In the last couple of years, we felt called to serve in a more traditional small town Evangelical Free church that has a paid pastor, beautiful building, Sunday school, budgets and annual meetings. We love our current church as well. Being actively involved in both styles of church has given us a front row seat to the strengths and weakness of both approaches.

I’m still on a journey and forming my own ideas about what Church should look like. I plan to write more, but for now I can say I appreciate many of the authors’ concerns about lack of spiritual life in many modern churches. There are serious problems in the church such as pastor burnout and passivity among members. But I’ve also seen, as many who have left the institutional church have found out, that getting rid of pastor, building, budgets, and bulletins, does not change the sin nature or the people problem.

A change of methods does not change the heart. There is no substitute for spiritual regeneration, humility, kindness, forgiveness, and abiding in the Vine and letting His Word change us. If our Christianity is real from Monday to Saturday, then Sunday can be enriching and Christ-exalting in many different forms, including one that has a paid pastor and building.

My long-time friend Jacob Denhollander (who is married to Rachael Denhollander, one of Times magazine’s 100 most influential people), heard I read this book recently and sent me the review he wrote a couple years ago. I enjoyed it so much and found it so insightful, not just for those who have read the book, but for the church conversation in general. He gave me permission to share it here. Fair warning: Jacob’s a PhD student, so you will find the writing far more intelligent than what you normally read on this blog. Enjoy!

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Pagan Christianity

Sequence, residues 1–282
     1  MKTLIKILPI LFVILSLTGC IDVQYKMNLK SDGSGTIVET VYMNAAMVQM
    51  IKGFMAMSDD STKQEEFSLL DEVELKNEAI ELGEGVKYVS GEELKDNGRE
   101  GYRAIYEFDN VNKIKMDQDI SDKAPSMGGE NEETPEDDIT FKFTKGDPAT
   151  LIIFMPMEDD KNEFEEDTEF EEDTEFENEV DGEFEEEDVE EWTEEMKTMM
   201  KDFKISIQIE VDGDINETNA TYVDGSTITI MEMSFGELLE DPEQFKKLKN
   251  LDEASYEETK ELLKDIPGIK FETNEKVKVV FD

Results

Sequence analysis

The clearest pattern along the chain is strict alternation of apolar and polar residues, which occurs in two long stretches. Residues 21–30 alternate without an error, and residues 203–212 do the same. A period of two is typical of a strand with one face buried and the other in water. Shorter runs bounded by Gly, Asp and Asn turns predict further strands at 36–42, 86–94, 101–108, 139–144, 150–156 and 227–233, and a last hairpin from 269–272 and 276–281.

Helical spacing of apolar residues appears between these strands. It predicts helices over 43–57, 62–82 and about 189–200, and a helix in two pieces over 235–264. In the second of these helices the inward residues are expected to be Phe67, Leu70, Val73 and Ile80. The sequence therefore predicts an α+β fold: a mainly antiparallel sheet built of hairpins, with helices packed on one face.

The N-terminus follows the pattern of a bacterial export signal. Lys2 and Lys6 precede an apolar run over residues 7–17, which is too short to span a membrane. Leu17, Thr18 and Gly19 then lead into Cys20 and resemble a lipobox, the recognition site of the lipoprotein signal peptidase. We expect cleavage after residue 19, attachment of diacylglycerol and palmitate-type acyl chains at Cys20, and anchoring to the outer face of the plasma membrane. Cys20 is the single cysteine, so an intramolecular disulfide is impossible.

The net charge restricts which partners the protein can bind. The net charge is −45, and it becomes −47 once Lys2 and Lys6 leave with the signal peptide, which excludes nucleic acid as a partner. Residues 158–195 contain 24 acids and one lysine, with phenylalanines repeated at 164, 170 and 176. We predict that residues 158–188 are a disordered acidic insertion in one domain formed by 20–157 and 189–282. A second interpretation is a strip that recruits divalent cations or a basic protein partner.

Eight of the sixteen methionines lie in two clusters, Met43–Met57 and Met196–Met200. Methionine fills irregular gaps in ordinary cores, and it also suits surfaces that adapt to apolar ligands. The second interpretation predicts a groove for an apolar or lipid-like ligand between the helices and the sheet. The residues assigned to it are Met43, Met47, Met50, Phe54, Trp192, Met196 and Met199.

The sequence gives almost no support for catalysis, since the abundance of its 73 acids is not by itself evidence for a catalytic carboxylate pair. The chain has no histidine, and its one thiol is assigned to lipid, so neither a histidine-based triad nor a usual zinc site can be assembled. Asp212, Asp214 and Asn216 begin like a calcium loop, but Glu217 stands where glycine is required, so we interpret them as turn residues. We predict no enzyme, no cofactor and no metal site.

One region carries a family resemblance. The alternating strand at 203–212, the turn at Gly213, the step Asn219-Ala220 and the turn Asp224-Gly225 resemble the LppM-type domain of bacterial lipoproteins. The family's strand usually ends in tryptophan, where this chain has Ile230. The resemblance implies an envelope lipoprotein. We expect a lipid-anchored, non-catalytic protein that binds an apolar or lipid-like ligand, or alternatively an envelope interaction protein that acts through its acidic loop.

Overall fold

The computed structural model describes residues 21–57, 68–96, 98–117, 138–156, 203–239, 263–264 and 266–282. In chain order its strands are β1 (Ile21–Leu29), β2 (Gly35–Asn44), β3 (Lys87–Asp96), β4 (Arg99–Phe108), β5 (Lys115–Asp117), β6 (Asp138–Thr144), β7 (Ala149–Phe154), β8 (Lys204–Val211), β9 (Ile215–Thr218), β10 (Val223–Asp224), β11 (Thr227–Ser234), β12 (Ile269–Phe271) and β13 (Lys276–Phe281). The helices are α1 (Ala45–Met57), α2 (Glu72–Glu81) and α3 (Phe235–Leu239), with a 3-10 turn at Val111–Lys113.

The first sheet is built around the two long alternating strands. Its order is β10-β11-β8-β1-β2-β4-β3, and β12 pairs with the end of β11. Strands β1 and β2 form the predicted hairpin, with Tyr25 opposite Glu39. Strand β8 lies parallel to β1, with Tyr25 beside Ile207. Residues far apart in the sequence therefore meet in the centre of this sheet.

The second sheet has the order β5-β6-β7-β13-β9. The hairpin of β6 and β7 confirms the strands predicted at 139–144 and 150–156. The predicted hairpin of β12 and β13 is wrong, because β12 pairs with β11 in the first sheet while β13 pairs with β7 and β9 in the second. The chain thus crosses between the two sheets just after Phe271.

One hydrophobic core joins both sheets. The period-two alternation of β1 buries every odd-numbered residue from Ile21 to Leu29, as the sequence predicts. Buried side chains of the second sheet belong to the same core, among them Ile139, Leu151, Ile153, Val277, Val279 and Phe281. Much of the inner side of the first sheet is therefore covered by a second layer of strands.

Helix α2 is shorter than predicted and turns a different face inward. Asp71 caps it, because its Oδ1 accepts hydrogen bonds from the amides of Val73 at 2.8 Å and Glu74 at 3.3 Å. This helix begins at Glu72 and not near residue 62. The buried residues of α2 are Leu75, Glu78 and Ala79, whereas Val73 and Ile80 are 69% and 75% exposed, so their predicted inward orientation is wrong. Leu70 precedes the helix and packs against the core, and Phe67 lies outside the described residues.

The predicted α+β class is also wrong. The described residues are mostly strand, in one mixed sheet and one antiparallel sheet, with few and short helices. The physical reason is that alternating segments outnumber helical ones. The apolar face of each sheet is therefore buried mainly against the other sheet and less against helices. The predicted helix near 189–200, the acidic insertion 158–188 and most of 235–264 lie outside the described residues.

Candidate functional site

A Book Review 

by Jacob Jonathan Denhollander

April 10, 2015

Barna, George, and Viola, Frank, Pagan Christianity?: Exploring the Roots of Our Church Practices. Barna Books, 2008. 295 pp.

Introduction

One of the surprise Christian bestsellers in recent years is a book entitled, Pagan Christianity?: Exploring the Roots of Our Church Practices. In this revised and expanded version, noted Christian pollster George Barna joins original author Frank Viola as co-author. The authors set out to examine how the practices of modern institutional Christianity developed and compare those practices against the example of first century Christian practices. This review will focus primarily on chapters 4 & 5, which deal with the place of the sermon and the role of the pastor, respectively. More than any others, these two chapters get to the heart of Viola and Barna’s objections to ‘institutional Christianity’. This more focused approach has been chosen because it will allow for a deeper examination of the claims and methodology used in those chapters, rather than lightly touching on the contents of each chapter. The contents of these two chapters will be summarized, and then evaluated. Both positive claims (What church should look like) and negative claims (What church should not look like) will be evaluated. In addition, the methodology of the authors will be briefly discussed. Continue reading…

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The Marvelous Life of the Modern Peasant vs King Louis XIV

By Jesse Jost

We are exposed to thousands of commercials and advertisements daily, each with the subtle and colourful message that we are missing something, that our life isn’t as good as it could be. These ads train us to focus on what we don’t have, and bemoan our lack, rather than live in awe of the wonders of our modern age.

We have so quickly forgotten what life was like for those who came before us. Take, for example, the life of one of the most powerful and wealthy men who lived during the last part of the 1600s: King Louis XIV. As the powerful ruler of the French empire, he had access to quality of life that peasants in his day could barely fathom. Yet, as a modern Canadian rural peasant, I have access to quality of life that would make Louis shake his head in wonder.